Ayahuasca tea could be a therapy for alzheimer

According to the World Health Organization (WHO), approximately 50 million people have dementia and there are 10 million new cases each year. Alzheimer’s disease is the prevalent form of dementia as it contributes between 60 to 70% of the cases. 

You may have heard of stories whereby people travel to certain destinations to take a unique tea called Ayahuasca. This tea has shown great potential in helping treat some health conditions, but can medical experts and clinicians use it to treat Alzheimer’s and Parkinson’s diseases?

Researchers at Complutense University of Madrid (UCM) are working hard to help answer the question. In their new study, they found out that dimethyltryptamine (DMT), A Psychoactive ingredient found in Ayahuasca tea, can stimulate the production of new brain cells especially glial cells, and in neurons. 

The researchers’ findings were recently posted in an article in the Translational Psychiatry journal. Furthermore, these findings were based on observing mice, fortified with DMT, for four years. Jose Antonio Lopez, a psychology researcher at UCM noted that the mice showed a great cognitive capacity when treated with the substance.

The major cause of symptoms linked to neurogenerative diseases, including cognitive decline, deregulated moods, and physical instability is the degradation and death of neurons. To prevent brain cell death, such diseases have to be staved off. Although one can generate neurons throughout his or her life, scientists are yet to figure out a rapid and more effective means.

José Ángel Morales, Lopez’s co-author, also noted that the challenge was is activating our dormant capacity to produce new neurons that will replace the neurons that die due to the disease. He further stated that the study showed that DMT can activate neural stem cells and thereby form new neurons.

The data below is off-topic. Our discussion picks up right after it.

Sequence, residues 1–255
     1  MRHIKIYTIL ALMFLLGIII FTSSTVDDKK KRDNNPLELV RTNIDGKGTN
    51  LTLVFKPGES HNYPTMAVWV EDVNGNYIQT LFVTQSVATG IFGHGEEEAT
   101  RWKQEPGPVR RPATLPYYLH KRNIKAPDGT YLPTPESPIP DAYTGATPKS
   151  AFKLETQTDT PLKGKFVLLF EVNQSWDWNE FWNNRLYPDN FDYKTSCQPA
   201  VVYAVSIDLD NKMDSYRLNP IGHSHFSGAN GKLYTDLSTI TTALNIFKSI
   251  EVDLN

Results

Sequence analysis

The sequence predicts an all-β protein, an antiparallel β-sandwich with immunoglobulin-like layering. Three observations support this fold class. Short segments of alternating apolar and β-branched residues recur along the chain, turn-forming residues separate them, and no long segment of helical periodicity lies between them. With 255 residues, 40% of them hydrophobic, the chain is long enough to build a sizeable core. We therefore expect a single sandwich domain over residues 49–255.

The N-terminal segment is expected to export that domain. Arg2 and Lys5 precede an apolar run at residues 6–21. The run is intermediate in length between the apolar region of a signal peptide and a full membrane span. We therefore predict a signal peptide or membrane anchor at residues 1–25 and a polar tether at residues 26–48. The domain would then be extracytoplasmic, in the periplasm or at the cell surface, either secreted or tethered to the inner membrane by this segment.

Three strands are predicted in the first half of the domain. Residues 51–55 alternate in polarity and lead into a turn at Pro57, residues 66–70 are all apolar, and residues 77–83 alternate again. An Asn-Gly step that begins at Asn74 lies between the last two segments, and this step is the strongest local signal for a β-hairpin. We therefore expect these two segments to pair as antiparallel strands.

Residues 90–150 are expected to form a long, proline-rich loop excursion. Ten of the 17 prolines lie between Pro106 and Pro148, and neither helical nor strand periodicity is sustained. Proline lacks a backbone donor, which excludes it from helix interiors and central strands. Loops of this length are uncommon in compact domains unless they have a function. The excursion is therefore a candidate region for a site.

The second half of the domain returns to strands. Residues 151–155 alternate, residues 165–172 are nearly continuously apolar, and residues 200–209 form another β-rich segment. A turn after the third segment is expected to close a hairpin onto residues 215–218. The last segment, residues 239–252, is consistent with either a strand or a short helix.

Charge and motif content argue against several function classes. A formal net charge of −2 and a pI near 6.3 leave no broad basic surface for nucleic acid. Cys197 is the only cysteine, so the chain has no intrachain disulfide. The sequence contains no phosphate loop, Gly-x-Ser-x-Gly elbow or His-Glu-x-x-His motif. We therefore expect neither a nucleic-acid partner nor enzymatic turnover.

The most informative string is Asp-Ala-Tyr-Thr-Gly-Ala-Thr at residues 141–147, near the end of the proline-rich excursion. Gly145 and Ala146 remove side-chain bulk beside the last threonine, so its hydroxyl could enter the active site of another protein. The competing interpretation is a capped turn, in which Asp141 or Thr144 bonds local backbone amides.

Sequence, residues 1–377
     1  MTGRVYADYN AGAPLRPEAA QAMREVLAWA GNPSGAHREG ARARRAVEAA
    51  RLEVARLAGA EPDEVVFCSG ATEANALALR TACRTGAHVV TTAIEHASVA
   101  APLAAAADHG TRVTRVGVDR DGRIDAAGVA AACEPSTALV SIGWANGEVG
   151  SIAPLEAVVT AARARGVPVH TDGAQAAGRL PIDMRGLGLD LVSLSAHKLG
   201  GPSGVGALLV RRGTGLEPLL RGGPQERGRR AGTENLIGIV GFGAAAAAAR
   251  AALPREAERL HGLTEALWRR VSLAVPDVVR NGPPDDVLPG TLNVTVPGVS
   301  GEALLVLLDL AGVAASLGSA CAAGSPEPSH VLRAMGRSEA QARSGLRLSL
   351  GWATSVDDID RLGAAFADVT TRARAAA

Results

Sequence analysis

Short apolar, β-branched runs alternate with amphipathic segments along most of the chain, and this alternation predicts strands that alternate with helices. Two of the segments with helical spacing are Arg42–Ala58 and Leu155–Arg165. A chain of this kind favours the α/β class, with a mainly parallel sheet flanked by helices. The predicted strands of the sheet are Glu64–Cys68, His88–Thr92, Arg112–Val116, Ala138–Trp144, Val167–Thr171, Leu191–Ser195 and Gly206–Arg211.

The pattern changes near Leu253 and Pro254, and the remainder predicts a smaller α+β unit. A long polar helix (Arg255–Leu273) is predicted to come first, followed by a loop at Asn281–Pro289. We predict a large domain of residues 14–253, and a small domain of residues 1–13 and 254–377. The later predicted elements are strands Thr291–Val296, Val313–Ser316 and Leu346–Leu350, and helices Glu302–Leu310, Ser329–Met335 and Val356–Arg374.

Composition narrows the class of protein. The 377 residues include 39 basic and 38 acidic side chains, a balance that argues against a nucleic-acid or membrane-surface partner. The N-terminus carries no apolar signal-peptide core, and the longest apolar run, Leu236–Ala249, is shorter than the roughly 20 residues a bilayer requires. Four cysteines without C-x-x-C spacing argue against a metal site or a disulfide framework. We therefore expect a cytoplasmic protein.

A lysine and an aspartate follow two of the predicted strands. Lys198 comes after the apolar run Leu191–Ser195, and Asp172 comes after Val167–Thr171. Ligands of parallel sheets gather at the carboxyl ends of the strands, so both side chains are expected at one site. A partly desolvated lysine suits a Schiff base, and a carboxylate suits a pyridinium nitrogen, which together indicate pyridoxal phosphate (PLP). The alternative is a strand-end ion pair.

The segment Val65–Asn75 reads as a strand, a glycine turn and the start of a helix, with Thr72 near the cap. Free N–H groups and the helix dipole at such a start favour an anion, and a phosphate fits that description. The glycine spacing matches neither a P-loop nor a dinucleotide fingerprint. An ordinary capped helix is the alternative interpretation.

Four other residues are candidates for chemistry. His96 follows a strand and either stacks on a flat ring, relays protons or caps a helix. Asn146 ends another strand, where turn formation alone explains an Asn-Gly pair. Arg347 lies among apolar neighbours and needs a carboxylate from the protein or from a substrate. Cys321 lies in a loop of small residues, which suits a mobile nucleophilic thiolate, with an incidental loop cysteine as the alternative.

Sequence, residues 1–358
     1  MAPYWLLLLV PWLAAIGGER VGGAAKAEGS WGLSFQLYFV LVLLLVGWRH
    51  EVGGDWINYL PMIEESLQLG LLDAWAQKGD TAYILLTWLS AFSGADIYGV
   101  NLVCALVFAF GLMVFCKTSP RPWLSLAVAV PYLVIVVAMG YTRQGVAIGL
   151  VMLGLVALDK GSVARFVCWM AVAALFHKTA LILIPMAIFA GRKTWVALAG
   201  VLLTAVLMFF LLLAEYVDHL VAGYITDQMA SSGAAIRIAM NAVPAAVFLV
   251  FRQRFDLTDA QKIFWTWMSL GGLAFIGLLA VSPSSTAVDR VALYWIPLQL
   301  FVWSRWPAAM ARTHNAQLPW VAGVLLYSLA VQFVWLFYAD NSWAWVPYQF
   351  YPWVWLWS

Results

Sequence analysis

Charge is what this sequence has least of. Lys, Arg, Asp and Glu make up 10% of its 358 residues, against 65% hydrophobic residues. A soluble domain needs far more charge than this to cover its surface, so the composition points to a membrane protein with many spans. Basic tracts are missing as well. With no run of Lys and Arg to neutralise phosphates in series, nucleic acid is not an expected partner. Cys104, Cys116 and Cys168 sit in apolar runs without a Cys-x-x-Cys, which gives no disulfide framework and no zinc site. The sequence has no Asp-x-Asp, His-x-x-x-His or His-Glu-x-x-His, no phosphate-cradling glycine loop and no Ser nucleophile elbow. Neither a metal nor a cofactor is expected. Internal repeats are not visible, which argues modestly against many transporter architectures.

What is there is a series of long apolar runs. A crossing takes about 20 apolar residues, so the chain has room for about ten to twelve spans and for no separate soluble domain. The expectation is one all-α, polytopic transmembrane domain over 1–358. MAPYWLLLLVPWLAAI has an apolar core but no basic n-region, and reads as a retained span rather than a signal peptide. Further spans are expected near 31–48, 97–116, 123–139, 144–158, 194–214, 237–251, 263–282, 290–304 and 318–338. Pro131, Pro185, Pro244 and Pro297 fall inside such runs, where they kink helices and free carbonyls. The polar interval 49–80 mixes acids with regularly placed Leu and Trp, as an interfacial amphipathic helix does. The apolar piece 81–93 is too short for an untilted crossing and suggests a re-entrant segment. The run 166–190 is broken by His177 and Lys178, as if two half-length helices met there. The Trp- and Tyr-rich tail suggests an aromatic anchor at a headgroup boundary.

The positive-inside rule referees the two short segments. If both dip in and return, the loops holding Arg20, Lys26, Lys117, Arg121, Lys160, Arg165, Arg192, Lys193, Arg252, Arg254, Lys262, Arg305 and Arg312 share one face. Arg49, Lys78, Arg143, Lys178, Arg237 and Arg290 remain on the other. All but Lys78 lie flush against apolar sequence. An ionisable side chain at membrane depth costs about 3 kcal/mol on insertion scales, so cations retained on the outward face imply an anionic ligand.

Usually, producers of Ayahuasca tea mix two Amazonian plant species, which are the Ayahuasca Vine and the Chacruna Shrub. The latter species contains the DMT. However, before scientists approve the idea of using DMT as preventative medicine or for therapeutic benefits, they have to find a way to reduce the substance’s hallucinatory effects. 

Users claim that the substance induces an out-of-body experience, alters one’s perception of time, and creates visual hallucinations and intense euphoria. According to the American Addiction Centres Journal, DMT can also prompt vomiting, diarrhea, rapid heart rate, anxiety, and increased blood pressure.

Despite these DMT potential side effects, researchers found a way of preventing DMT from prompting hallucinations. Normally, DMT takes hold by binding to serotonin receptors in one’s brain. However, the researchers were able to shift it off to another type of receptor. This finding builds for its future administration to patients.

Morales said that the ability to modulate brain plasticity shows that there is great potential for treating a wide range of neurological and psychiatric disorders. 

Ayahuasca‘s potential in treating dementia and other neurogenerative ailments is just a category of numerous illnesses that doctors hope the ancient medicine, which shamans millennia prescribed, can help treat. Recently, the substance was used in studies involving finding treatments for eating disorders, addiction, PTSD, and depression. If used outside a controlled setting, Ayahuasca tea can have several risks. According to a New York Post, a British teen, who traveled to Amazon in 2018 to partake in a shamanic ritual that involved Ayahuasca, died of accidental intoxication. The 19-year-old had no pre-existing medical conditions, as per coroner’s reports.


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